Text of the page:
La Ferme dans les Landes belonged to a Monsieur Tauber, when, in 1939, the French government sent it to South America with a travelling exhibition of French art from a variety of small museums and private collections. When the war broke out, it was arranged for the paintings to go to the United States for safekeeping, where they were exhibited in a number of galleries and museums, including the National Gallery in Washington. After the war it was “restituted” to an heir of Tauber’s, Monsieur Baveret who sold it to a Parisian collector who bequeathed it to Portuguese heirs—and that was the last time it was seen publicly, or its whereabouts known, until Simon Kelly published it in the Burlington Magazine (Vol. 143, No. 1184 (Nov. 2001), pp. 687-690). It was subsequently sold at Christie’s, London on June 26, 2007.

La Ferme is quite as Hobbemesque as Le Village de Becquigny, which immediately conjures up the great Avenue at Middelharnis in the National Gallery, London. However, the force of  recognition does not quite play such a potent role of La Ferme’s effect. It could recall any number of similar works by Hobbema or others. The composition is dominated by the enormous trees which shelter the farmyard (or airial, as it was called in the local dialect). In an intimate side-gallery at the Clark, devoted largely to small Barbizon paintings, La Ferme is flanked by two small landscapes by Rousseau. The contrast is striking. In the small works, which are almost oil sketches, Rousseau’s eye seems to take in the entire space at once, from back to front and from left to right, in a sort of rapid, but easy circle. In these he remains close to his early inspiration in Constable and the freer work of the Dutch, for example Ruisdael. In La Ferme the motion of our eyes is contained within each field on the flat surface of the canvas. Our eyes are forced to take in each detail without expanding out beyond it—not even into its immediate context, much less the whole. The only area of the canvas that shows a sense of depth is the narrow strip below the foliage of the great trees, in which the trunks of the forest behind them extend back into the distance in marked recession, recalling the obsessions of the Renaissance students of la dolce prospettiva, especially Paolo Uccello’s Hunt in the Forest (Ashmolean Museum). The effect is jarring, almost surreal. The sense of plein air remains in a conceptualized form, while the air itself, so abundantly implied in the small works, has all but vanished. Natural textures like the wood of the old gate or of branches and fallen trunks do not so much suggest real objects surrounded by space as the facture of Rousseau’s Dutch models. I say this not to disparage the picture, but to point out how radically different its aesthetic is from Rousseau’s work in the field. He embraced both, just as his friend Millet combined reduction and artfice with a seductive feeling of a particular time, rural place, and atmosphere. As Rousseau worked away on this painting, which he obviously considered of the highest importance, his memory of his trip to the Landes, a region which made such a powerful impression on him, receded further and further into the past. The time and place we experience is far from the epiphany he sketched; it is rather a constructed amalgam of a recorded memory with his many years at Barbizon and the Holland of two centuries before.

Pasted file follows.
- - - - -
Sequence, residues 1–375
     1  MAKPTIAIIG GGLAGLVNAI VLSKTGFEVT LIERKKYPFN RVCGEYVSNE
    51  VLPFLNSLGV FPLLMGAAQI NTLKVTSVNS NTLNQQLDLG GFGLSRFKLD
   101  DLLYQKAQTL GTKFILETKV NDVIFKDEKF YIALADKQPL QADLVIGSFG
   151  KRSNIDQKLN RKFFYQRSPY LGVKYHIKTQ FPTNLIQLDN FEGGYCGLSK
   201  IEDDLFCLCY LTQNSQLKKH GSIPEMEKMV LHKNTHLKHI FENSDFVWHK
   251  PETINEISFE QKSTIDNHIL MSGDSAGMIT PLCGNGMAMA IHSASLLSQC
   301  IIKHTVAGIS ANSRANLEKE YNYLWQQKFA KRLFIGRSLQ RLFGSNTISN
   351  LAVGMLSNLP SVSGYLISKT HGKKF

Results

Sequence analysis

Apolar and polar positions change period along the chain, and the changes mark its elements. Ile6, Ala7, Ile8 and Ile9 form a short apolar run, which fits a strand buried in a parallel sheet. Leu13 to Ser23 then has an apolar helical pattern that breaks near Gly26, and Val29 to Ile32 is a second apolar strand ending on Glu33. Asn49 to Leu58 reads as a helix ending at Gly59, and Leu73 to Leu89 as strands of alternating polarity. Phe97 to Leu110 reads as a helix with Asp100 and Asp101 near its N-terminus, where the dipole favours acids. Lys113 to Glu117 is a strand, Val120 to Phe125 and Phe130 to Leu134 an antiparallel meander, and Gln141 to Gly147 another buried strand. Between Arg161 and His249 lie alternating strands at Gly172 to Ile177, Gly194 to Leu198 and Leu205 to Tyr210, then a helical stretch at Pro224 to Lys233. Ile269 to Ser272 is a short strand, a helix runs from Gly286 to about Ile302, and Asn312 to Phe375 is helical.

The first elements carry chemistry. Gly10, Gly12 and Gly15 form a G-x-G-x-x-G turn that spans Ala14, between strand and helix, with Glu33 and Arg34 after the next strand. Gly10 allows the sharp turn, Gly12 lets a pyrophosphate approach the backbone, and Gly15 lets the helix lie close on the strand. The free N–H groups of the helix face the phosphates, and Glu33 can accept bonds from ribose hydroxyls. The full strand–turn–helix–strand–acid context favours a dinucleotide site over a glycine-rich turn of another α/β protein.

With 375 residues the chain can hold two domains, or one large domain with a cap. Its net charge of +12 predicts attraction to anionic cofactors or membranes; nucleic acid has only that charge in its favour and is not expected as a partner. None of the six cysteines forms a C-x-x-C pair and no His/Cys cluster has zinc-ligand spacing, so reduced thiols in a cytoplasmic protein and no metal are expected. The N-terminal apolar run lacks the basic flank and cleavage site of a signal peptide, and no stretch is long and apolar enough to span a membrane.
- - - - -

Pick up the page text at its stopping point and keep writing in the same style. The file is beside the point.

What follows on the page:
This is entirely in harmony with Rousseau’s rather peculiar description of the three paintings as “an eclogue devoted to Light, in three odes.” Rousseau’s understanding of literature may not have been all that refined, but his reference to the classical genre of the eclogue affirms the artificiality of his purposes, as the eclogue was a highly cultivated, city-bred evocation of simple pastoral life. His reference to the ode, if it makes any sense at all, presumably refers to expressions like the shepherds’ songs which abound in the pastoral tradition, as both the heartfelt outpouring of a simple soul as well as display of craft.